Communists and the National Question

A short series looking at how the national question was taken up throughout the history of the workers' movement.

Part 1: The debate on the national question at the dawn of decadence

Workers of countries, unite.” This call at the end of the Communist Manifesto written by Marx and Engels in 1848 was not just an exuberant exhortation; it expressed one of the most vital conditions for the victory of the working class. From its very birth the movement of the working class proclaimed its international class character against the national boundaries which marked the development of the domination of the capitalist class over the proletariat.

Communists and the National Question, Part 2 (1900-1920): The debate during the years of imperialist war

In the first article in this series in International Review 34, we examined the attitude of communists to the national question on the eve of capitalism’s decadent epoch, and in particular the debate between Lenin and Rosa Luxemburg on whether the working class should support ‘the right of nations to self determination’. We concluded that even when some national liberation struggles could still be considered progressive vis a vis the interests of the working class, such a slogan had to be rejected.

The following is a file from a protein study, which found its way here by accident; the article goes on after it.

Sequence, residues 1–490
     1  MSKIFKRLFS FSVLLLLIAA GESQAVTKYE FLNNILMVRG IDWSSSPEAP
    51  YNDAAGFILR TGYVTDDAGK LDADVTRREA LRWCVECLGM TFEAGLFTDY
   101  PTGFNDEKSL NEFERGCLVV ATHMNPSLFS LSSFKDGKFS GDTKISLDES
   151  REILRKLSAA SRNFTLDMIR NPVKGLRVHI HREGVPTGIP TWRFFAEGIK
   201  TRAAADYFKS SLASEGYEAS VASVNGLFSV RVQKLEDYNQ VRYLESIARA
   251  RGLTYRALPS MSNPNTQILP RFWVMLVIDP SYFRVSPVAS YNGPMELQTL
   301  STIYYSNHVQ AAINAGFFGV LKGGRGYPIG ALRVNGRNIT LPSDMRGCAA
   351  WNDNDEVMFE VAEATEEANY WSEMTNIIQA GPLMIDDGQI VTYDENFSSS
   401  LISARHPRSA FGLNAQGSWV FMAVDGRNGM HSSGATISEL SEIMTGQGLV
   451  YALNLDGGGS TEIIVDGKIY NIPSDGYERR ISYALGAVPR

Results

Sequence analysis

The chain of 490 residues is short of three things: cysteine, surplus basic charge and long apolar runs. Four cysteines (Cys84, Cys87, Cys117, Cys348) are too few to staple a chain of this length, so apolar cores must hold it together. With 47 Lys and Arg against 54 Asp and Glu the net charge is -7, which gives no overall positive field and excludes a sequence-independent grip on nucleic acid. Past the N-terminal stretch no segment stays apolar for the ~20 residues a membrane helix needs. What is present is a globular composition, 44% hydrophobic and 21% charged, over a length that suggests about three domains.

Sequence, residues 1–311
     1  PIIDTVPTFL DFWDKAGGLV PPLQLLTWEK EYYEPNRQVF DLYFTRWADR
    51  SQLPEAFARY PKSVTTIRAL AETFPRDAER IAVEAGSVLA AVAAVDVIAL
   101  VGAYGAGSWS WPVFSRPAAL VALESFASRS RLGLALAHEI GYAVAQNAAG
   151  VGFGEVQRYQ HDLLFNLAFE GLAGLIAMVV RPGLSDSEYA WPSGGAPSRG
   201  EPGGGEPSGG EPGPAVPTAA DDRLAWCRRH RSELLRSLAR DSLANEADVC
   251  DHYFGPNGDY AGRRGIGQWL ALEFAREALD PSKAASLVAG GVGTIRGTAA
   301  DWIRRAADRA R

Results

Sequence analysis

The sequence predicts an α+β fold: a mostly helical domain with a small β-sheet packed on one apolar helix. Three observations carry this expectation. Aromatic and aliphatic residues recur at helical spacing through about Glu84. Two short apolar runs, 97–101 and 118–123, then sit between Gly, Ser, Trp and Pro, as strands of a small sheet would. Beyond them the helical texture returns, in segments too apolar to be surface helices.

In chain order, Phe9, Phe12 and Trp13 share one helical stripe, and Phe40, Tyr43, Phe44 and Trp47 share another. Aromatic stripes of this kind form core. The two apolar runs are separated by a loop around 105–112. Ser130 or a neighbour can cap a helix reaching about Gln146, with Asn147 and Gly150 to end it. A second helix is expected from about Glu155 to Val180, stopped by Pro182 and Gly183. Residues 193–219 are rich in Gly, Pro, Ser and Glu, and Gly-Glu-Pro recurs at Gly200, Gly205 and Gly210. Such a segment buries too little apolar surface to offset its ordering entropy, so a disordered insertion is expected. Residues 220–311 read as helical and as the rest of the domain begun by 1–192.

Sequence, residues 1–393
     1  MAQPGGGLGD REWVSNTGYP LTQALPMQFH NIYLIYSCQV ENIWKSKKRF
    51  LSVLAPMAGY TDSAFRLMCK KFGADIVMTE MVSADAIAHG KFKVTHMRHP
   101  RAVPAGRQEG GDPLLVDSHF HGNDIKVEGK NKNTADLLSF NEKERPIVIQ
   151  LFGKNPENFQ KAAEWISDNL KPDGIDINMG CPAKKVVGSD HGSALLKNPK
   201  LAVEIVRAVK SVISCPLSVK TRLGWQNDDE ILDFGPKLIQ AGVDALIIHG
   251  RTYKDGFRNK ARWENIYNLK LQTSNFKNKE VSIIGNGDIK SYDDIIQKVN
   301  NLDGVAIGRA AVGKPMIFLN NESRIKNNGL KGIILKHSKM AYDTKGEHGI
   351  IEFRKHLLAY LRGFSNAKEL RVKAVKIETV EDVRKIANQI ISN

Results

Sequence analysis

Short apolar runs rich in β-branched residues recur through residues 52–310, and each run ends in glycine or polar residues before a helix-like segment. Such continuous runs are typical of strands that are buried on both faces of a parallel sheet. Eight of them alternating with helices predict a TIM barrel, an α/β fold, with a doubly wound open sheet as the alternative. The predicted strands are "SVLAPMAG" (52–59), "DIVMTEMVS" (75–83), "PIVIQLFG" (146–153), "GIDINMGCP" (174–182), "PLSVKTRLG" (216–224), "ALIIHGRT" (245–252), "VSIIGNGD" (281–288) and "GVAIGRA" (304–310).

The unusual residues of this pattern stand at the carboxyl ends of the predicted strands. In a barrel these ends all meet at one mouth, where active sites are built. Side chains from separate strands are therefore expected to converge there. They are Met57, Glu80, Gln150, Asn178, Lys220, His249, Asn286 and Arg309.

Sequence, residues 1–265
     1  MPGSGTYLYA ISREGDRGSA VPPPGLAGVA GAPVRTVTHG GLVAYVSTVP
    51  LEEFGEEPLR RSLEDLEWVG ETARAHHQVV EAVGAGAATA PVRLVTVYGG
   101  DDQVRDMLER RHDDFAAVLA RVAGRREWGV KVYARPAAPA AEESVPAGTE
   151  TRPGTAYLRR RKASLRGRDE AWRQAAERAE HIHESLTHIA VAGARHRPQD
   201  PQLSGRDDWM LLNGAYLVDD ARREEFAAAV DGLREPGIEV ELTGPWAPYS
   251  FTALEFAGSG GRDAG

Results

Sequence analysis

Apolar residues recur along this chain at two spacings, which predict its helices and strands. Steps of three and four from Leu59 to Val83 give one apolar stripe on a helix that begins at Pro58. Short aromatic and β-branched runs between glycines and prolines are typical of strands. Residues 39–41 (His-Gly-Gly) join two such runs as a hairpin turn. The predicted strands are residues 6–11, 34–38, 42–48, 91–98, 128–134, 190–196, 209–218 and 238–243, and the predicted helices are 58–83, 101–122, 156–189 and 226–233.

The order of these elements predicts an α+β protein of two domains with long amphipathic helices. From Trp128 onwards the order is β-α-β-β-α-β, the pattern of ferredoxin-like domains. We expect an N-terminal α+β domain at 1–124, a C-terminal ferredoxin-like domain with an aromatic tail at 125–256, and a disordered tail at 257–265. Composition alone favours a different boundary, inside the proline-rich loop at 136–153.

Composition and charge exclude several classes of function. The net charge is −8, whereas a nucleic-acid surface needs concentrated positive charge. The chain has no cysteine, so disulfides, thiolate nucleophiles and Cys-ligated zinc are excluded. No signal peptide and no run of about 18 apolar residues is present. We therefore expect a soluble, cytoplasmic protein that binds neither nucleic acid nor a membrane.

Communists and the National Question, Part 3: The Debate during the Revolutionary Wave and the Lessons for Today

In this third and last articles we want to examine the most crucial testing time for the revolutionary movement: the historic events between the seizure of power by the Russian workers in 1917 and the Second Congress of the Communist International in 1920; from the first optimistic step towards the destruction of capitalism to the first signs of defeat of the workers’ struggles and the degeneration of the movement in Russia.

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